A Longer Allergy Season
With the changing colors of fall, allergy sufferer Karen McGee hopes to see her symptoms change too.
"As soon as you walk outside it kind of hits you," said McGee. "Then your nose starts running and your eyes start watering and for me it makes it hard to breathe."
Ragweed is the leading cause of allergies during the fall. The season starts around August and usually ends in mid-October. This year unseasonably warm temperatures are making the season last longer.
"You need the first frost to kill off the plant life, unfortunately, so when the trees go, the ragweed will go, and all the pollen will go with it, and allergy season will officially be over as far as pollen is concerned," said Dana Evans, an MU respiratory therapist.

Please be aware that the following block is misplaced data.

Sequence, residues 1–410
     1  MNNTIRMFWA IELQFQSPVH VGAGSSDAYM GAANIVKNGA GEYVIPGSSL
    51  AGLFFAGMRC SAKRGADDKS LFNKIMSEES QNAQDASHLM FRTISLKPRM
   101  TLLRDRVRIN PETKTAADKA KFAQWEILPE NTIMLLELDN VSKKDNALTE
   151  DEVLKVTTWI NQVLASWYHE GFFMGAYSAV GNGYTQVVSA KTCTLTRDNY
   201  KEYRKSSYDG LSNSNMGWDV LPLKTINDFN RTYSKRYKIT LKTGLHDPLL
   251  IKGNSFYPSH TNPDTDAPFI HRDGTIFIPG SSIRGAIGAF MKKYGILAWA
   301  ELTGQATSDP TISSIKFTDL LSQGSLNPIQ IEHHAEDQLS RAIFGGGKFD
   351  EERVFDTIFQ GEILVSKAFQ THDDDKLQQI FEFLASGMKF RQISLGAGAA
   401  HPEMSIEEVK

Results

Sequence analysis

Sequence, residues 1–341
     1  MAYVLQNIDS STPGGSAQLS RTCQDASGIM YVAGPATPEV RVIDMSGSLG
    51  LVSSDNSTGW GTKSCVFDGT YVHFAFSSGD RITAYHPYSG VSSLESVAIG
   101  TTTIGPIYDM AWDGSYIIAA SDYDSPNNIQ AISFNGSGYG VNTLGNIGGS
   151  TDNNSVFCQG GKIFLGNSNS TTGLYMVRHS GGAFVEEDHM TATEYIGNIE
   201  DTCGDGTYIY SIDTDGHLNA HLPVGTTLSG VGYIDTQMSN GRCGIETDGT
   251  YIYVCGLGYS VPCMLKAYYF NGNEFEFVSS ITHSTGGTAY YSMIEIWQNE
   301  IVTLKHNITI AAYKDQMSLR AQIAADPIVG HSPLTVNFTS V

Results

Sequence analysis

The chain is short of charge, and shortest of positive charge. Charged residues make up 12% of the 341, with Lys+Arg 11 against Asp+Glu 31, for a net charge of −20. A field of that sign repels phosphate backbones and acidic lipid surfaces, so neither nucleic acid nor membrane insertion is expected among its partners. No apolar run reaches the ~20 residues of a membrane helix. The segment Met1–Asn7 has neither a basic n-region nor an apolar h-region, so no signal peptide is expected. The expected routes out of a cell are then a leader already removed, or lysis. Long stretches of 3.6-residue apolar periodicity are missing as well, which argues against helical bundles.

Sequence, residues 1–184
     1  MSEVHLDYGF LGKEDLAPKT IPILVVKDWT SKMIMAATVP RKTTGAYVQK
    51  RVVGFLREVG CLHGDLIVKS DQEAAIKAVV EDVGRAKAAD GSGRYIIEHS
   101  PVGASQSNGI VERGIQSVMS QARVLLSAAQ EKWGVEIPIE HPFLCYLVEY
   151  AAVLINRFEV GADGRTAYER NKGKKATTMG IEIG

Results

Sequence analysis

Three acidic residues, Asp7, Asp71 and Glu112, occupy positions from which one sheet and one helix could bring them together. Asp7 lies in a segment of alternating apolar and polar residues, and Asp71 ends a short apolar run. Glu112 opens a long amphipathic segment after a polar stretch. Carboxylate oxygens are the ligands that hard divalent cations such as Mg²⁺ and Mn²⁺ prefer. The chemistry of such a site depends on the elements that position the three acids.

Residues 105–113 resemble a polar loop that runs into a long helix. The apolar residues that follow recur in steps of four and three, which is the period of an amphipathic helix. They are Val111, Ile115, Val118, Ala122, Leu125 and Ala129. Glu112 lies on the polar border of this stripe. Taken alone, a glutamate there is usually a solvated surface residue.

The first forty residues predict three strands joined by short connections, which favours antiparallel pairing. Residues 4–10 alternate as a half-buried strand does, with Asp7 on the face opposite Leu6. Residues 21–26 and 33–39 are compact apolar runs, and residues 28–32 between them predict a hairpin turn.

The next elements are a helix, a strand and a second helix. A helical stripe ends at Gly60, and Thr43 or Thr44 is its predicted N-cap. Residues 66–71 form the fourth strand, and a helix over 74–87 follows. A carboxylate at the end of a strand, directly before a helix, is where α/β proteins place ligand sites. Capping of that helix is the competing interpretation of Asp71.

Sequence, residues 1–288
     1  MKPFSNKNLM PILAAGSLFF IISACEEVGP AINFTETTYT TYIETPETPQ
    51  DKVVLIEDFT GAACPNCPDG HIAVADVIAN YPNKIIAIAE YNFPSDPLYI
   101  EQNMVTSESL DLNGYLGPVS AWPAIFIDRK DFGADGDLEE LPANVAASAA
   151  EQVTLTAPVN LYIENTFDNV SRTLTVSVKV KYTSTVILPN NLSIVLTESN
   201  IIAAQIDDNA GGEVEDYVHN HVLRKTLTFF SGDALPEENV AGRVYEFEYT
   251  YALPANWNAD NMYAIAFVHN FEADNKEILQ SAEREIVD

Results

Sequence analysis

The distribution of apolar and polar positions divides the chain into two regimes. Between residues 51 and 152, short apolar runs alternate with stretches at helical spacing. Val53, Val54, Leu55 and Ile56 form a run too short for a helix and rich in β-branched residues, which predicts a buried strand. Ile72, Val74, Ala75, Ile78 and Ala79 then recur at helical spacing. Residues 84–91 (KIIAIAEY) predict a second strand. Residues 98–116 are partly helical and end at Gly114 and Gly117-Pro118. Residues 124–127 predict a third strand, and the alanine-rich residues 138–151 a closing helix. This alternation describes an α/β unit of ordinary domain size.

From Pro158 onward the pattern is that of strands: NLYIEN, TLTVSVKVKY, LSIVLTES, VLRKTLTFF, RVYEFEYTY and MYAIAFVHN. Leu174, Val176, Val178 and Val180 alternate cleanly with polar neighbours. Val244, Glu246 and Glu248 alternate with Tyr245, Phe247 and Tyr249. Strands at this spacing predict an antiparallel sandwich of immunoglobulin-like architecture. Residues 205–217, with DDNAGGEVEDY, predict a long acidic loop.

Researchers say the dry summer caused ragweed to be worse than normal this season. Wind and lingering warm temperatures are especially hard on allergy sufferers.
"On warm, windy days ragweed pollen can travel up to 400 miles from a ragweed field," said Evans. "The best days are going to be cool, rainy days, because the rain helps to keep the pollen grounded."
To alleviate symptoms, researchers recommend allergy sufferers stay indoors as much as possible, wash hands, change clothes after spending time outdoors, shower before bedtime to get pollen out of hair and wash bedding weekly in hot water. Still, Karen McGee will just have to wait until this year's long season is finally over.
"It seems like it has gone on forever this year, and I will be really happy when it stops," McGee stops.
For most allergy sufferers, the end of this year's season won't be soon enough.
Ragweed is one of the top 10 weeds found in corn and soybean production in Missouri. Mold is a problem for allergy sufferers all year long, while grass and pollen are the worst offenders in spring.
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